Is this argument any good? Douglas highlights two problems. First, despite the intuitive appeal of the "more effort = more worth", it does not seem likely that effort is necessary for moral worth. Second, going beyond this point, there are cases in which it more effort is not even sufficient for more worth.
On the first of these points, it can be argued that our intuitions about moral worth and effort are somewhat inconsistent. Indeed, there is a case for the view that morally conforming behaviour produced with a minimum of effort is highly praiseworthy. Consider the moral saint, who selflessly dedicates themselves to improving the lot of others. One of the things that is so admirable about their behaviour is that they don't fall victim to the psychological barriers and weaknesses that affect the rest of us. Furthermore, it seems silly to suppose that morally conforming behaviour like that of David's could not attract a high degree of moral praise, even if other behaviour attracts more. So, in other words, even if Felix is better than David, David is not so bad that we wouldn't like to have more people like him around.
- (15) Effort does not seem necessary for high degrees of moral praise; indeed, sometimes it is the very effortlessness of morally conforming behaviour that makes it so admirable.
The second point -- that effort is not even always sufficient for praise -- is a trickier one to get across. Indeed, I'm not sure that Douglas does a great job of it so I'm going to try to simplify it here. To put it bluntly, if it were always and everywhere true that effort increased praise, people could do the most arbitrary and bizarre things to increase the worth of their behaviour. David, for example, could deliberately expose himself to moral corruption by enlisting in the Ku Klux Klan, imbibing as much of their bigoted beliefs as possible, and then arduously ridding himself of them. But surely that would just be gratuitous? It wouldn't make his subsequently conforming behaviour any more praiseworthy (it might even make it less praiseworthy).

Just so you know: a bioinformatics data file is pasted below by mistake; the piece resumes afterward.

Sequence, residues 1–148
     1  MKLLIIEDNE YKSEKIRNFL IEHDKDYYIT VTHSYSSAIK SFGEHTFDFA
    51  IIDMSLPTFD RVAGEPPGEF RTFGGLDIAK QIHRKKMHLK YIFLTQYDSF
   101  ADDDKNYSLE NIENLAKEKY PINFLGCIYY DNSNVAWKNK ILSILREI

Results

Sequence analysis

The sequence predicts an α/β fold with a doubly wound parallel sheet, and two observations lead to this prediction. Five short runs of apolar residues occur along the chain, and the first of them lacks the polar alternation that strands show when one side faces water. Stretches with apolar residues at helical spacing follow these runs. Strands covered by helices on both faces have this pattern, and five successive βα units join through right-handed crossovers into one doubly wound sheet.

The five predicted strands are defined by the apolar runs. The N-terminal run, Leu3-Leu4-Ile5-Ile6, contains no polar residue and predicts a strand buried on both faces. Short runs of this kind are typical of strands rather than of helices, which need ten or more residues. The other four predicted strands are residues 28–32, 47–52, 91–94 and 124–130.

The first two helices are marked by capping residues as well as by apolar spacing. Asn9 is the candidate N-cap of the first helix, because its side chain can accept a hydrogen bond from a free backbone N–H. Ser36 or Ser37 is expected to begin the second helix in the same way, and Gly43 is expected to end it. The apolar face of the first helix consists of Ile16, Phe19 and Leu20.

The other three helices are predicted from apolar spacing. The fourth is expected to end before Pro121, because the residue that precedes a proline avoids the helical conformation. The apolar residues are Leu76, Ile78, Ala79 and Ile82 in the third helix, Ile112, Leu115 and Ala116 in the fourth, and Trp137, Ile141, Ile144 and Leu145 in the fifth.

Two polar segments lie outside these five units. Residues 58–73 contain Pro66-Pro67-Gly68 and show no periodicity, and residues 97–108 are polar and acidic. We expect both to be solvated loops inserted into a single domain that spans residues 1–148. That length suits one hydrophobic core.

The point, which Douglas thinks is generalisable, is that only nongratuitous effort will increase moral worth. In the case of Felix, the effort was nongratuitous because he was a victim of circumstances beyond his control; in the second case of David, the effort was gratuitous because he was voluntarily choosing to make things more difficult for himself. The claim then is that, on at least some occasions, the choice of a deliberative method of achieving moral conformity, over non-deliberative moral enhancement will be gratuitous rather than non-gratuitous. It will be arbitrarily making things more difficult for ourselves, and won't increase the moral worth of our conduct.
- (16) Effort is not always sufficient for increased moral praise: only nongratuitous effort is sufficient, gratuitous effort is not.
This suggests that the moral effort argument fails.
2. The Unreliability Argument
The final argument against moral enhancement is, once more, distinctively Kantian in nature. In his Groundwork on the Metaphysics of Morals, Kant presents a famous thought experiment involving a shopkeeper. The shopkeeper, we are told, charges his customers a price that maximises his profit. As it also happens, the price is a fair one. Consequently, the shopkeeper's pricing policy conforms with the demands of morality.
But surely there is something unpraiseworthy about the way in which the shopkeeper achieves this conformity? After all, his moral conformity is brought about by accident; by the contingent coincidence of his profit motive with a fair price in one particular market at one particular moment in time. If he were to follow the profit motive across all markets, it is unlikely that this happy coincidence would always arise. To put it more succinctly: he is following an unreliable pathway to moral conformity, and this unreliability seems to detract from moral praiseworthiness.
Again, there is an argument against moral enhancement lurking here. One concern with enhancement vis-a-vis deliberation, is that by directly manipulating emotions and dispositions, enhancement simply makes it easier to conform with moral demands in particular cases and settings. It does not provide us with the moral knowledge needed to conform our conduct with moral reasons across different possible worlds. Take a simple example. Moral enhancement drugs might be able to reduce violent impulses. In many cases, this would ensure moral conformity. But, as we all know, there are certain circumstances in which violence is morally necessary. If the drugs simply reduce violent impulses across the board, they won't be able to produce moral conformity in those circumstances. They are too blunt and unreliable for that. Deliberation, on the other hand, doesn't suffer from the same shortcoming as its raison d'etre is to produce moral knowledge.*